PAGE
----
“It’s very telling that we’ve been able to survive, for a while now, under the banner of the Tea Partiers.”
“The Tea Party was founded by people who believed the United States is an oligarchy, and it has no place in a democracy.”
In fact, the Tea Parties’ core beliefs have been the antithesis of democratic principles.
In fact, its founding manifesto, The Constitution for a Democratic America, argued that “we can’t have a democracy without a Constitution, and we need a Constitution that is representative, not unaccountable, and accountable to the people.”
In a nutshell, the Constitution for America argues that “a representative democracy must be grounded in the rule of law.”
It asserts that “the separation of powers and the separation of government are the defining principles of a constitutional republic.”
The Constitution for Americans claims that “government should be limited to a set of prescribed powers, in particular those prescribed by the Constitution.”
It also asserts that government “must be accountable to its people.”
The tea party is a branch of the Republican Party, but its primary mission is to “make the Constitution work for the people, not themselves.”
Its primary mission, according to its website, is “to empower Americans to shape their own futures, by electing politicians who will represent their interests, rather than the interests of special interests.”
Its mission is, in short, to empower Americans by electing a “representative” (aka a “militia”) who will “act in the best interests of all Americans.”
It also claims that the Tea party is the “only political force that can ensure that we do not go down the path of tyranny” because, according “the Founding Fathers, tyranny is only the result of a handful of individuals exercising unchecked power.”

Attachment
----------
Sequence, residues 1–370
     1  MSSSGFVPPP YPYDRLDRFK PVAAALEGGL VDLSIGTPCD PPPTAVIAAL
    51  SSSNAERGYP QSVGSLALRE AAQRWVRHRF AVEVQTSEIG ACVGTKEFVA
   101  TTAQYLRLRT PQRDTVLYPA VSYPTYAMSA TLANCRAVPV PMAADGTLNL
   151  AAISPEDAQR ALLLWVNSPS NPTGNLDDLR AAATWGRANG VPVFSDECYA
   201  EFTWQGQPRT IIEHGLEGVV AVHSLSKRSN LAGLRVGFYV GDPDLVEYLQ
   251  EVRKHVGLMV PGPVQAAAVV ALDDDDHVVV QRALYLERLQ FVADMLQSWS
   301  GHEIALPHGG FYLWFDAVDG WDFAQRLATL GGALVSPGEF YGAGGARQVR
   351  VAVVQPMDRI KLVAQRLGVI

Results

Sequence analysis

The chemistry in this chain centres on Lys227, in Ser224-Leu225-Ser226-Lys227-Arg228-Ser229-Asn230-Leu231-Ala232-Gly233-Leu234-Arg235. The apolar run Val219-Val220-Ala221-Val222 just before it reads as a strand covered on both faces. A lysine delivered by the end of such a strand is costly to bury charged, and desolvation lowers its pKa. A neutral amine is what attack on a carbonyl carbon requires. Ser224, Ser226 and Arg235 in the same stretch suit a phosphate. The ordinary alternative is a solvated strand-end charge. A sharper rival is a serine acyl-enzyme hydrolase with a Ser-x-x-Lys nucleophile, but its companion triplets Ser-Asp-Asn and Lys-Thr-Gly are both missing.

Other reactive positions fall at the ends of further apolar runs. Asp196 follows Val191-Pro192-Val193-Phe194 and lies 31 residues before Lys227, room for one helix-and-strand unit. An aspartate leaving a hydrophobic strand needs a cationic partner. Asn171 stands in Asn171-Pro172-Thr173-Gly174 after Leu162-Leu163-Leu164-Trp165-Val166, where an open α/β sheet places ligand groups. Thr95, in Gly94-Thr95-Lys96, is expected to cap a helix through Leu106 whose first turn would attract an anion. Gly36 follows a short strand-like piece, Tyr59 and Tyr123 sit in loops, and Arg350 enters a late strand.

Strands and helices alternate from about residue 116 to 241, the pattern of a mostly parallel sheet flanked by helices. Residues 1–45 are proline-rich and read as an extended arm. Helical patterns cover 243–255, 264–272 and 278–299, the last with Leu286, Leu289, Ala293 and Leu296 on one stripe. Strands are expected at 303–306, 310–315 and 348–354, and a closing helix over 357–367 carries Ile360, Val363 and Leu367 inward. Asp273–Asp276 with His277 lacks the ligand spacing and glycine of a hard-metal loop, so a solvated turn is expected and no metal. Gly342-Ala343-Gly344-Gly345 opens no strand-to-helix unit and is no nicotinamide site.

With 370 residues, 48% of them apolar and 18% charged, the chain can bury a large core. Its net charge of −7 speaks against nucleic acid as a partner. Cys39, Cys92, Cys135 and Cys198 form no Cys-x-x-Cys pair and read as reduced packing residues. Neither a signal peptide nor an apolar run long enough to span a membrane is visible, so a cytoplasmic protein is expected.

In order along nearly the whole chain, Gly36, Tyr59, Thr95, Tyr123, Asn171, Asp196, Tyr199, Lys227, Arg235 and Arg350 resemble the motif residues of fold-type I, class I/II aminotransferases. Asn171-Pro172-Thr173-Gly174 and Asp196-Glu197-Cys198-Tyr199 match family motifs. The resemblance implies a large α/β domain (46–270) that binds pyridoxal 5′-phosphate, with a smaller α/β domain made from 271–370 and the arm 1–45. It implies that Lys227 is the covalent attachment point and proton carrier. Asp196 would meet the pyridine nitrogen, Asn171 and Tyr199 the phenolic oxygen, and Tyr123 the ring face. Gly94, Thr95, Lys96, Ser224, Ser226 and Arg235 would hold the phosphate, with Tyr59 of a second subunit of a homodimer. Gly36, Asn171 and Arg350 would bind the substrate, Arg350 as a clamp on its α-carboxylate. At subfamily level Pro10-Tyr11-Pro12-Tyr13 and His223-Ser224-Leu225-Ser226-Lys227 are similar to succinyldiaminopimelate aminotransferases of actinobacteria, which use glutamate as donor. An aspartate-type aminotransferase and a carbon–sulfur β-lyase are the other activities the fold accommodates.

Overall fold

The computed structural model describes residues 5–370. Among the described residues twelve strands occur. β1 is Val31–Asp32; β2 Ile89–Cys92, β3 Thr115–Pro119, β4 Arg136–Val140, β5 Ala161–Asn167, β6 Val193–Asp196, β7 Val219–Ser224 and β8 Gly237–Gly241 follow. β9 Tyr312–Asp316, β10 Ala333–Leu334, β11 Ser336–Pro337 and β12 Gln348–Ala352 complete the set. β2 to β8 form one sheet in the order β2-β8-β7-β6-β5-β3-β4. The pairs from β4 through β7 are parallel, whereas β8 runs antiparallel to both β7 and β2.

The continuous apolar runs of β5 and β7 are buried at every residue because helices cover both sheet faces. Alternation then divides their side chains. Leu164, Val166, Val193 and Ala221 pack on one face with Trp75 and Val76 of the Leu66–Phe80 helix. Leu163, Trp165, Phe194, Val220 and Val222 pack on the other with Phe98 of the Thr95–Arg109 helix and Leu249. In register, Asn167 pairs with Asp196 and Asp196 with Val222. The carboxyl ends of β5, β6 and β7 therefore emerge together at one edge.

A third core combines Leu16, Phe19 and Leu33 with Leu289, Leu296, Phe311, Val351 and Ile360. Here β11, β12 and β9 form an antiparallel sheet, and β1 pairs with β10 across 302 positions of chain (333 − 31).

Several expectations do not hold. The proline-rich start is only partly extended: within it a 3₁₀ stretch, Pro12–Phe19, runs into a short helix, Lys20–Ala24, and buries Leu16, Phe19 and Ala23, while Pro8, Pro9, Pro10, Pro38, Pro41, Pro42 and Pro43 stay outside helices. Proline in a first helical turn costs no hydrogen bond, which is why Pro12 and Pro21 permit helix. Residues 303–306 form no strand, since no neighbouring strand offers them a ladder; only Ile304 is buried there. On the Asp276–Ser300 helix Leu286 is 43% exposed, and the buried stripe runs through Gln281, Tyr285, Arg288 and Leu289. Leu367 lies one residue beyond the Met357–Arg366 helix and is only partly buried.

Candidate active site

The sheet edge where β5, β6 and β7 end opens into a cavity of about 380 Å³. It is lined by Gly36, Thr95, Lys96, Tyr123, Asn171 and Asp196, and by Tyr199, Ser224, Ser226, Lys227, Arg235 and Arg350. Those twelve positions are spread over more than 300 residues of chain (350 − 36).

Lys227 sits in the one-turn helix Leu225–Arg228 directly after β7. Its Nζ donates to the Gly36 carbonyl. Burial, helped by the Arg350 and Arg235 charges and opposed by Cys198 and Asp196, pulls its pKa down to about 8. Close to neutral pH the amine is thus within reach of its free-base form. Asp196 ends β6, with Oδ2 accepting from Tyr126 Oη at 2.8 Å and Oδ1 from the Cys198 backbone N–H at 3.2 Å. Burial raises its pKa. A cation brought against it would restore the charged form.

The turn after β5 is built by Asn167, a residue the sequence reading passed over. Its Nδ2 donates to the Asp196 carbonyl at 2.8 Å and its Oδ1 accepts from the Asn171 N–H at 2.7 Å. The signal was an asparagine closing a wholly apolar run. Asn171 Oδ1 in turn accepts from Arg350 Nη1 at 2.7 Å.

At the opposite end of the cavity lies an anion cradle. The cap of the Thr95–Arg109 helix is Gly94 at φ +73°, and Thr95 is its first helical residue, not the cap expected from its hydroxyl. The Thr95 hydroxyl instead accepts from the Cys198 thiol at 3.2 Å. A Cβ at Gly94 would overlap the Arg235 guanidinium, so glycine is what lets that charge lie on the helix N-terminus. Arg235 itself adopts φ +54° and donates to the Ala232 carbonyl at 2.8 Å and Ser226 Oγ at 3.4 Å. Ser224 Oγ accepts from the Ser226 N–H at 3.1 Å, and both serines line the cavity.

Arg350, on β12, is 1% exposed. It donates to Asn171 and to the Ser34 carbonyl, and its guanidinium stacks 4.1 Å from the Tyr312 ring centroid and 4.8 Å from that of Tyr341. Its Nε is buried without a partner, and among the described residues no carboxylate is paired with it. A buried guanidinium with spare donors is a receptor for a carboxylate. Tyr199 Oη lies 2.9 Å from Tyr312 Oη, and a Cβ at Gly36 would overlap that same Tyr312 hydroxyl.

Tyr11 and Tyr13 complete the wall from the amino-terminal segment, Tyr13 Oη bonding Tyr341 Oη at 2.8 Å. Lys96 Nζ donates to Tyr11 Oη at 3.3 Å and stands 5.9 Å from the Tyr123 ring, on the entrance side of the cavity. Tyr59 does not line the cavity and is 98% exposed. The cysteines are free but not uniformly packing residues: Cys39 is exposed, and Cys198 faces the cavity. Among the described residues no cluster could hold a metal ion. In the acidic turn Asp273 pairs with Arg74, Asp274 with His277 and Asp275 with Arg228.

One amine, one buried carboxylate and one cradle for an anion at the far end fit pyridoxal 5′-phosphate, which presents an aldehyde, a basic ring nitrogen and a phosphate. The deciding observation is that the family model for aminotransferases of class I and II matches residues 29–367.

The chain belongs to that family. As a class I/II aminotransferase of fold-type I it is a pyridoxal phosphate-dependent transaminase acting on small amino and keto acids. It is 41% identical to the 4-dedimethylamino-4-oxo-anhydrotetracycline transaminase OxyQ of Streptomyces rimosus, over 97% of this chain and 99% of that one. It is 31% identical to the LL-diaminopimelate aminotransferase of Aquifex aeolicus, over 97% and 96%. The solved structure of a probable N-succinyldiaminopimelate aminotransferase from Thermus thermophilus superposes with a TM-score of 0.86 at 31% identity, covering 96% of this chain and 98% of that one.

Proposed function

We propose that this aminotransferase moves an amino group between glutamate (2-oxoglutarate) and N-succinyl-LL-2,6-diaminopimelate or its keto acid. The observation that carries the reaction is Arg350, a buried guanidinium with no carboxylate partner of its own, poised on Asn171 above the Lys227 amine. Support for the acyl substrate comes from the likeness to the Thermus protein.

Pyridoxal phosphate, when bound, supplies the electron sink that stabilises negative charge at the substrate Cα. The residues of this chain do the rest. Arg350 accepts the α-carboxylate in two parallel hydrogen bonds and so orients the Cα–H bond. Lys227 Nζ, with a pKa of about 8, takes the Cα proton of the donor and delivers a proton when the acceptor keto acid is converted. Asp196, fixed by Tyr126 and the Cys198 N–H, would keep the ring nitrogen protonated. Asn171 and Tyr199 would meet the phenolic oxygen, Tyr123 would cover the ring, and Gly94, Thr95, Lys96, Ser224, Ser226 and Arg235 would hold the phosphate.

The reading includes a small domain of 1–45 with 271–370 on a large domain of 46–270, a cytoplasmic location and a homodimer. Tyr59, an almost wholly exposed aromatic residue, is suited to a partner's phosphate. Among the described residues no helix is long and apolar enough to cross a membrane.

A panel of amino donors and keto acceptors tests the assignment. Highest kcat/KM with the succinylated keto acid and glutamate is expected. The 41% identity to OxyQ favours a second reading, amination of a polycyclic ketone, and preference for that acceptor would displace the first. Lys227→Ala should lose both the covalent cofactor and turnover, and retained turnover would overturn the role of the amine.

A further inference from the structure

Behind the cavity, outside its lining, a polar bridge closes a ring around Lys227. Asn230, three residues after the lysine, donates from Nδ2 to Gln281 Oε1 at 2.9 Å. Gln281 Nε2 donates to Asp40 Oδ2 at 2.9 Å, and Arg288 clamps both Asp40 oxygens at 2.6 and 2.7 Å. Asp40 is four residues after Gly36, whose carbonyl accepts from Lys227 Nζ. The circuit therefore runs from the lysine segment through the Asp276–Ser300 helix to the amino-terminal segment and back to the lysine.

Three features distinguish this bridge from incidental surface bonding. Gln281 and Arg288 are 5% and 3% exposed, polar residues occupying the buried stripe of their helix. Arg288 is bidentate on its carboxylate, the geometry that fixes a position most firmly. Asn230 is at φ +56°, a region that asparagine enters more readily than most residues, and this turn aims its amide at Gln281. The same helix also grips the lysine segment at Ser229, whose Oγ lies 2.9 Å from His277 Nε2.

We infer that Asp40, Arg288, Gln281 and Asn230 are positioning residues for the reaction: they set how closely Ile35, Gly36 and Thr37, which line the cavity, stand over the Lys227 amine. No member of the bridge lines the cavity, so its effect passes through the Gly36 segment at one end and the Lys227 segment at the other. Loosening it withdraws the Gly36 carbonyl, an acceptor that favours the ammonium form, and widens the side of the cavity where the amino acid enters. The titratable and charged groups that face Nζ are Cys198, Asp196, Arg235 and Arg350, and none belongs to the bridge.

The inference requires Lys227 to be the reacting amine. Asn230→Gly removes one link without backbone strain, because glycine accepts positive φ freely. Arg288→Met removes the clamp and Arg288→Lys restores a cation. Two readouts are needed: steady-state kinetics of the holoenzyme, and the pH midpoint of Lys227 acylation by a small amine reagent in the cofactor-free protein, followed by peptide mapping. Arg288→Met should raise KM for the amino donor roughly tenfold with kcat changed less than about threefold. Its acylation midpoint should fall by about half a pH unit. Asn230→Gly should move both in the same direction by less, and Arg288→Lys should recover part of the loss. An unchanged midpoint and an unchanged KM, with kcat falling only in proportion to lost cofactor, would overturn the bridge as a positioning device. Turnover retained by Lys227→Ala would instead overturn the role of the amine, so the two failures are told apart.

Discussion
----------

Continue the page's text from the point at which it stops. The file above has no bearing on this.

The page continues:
In short, the tea party claims that it is not a “tactical force,” because its primary goal is to empower “the people” over “special interests.”
But it is.
The Tea party claims it is the only political force capable of guaranteeing that “our nation does not go to war.”
And its mission, as it states in its manifesto, is to put a “great American back into the White House.”
The Tea Parties claim to have “a vision for a future where America is free and at peace.”
Its stated goal is “that America can be a nation of opportunity and opportunity is the beginning of the American dream.”
Its stated mission is: “America can become a country that is strong, free, and prosperous.
The United States can be free, strong, and wealthy.”
Its declared mission is “That the United State will always stand tall as a beacon of hope and opportunity to the world.”
Its mission is not to make America great.
Its stated goal, as the manifesto puts it, is:”The goal of the [Tea Party] is to make the Constitution Work for the People, not for the Interests of Special Interests.”
In other words, its stated mission, like that of every other political group, is its primary objective: To make America greater, not smaller, by empowering the American people over “the interests of those who profit from our system.”
As such, the American Constitution, which, among other things, guarantees the “freedom of speech,” “the freedom of religion,” and “the right to assemble,” must be amended to ensure that these rights are not used to benefit “special interest groups.”
And it is important to note that the Constitution does not, in fact, “protect” the rights of anyone to speak their mind, as is the case with the Second Amendment to the Constitution.
It also does not guarantee the rights to “speak your mind” to anyone.
The Founders of the Constitution did not protect the right to “free speech.”
Their intent was to protect the rights “to assemble,” and the right “to petition the government.”
The Founders’ intent was not to protect anyone’s right to speak his mind, to assemble, or to petition the federal government.
Rather, the Framers intended to protect these rights from “the excessive encroachment of the powerful.”
It is not just the Constitution that has a long and storied history of protecting those rights.
It is the American public as well, and Americans have long known that their rights have been under assault.
It’s not a coincidence that this assault on the rights that the Framer, James Madison, wrote so much for were the very same rights that he wrote the Constitution to protect.
The Constitution has been amended numerous times since its founding.
As of today, it’s arguably the most influential document ever written.
And its flaws are not limited to the Tea PARTies.
The American people have had it with a rigged political system.
The American people are fed up with a system that rewards special interests over the interests that the public cares about.
The system is rigged to benefit the wealthiest few at the expense of everyone else.
And it is rigged so that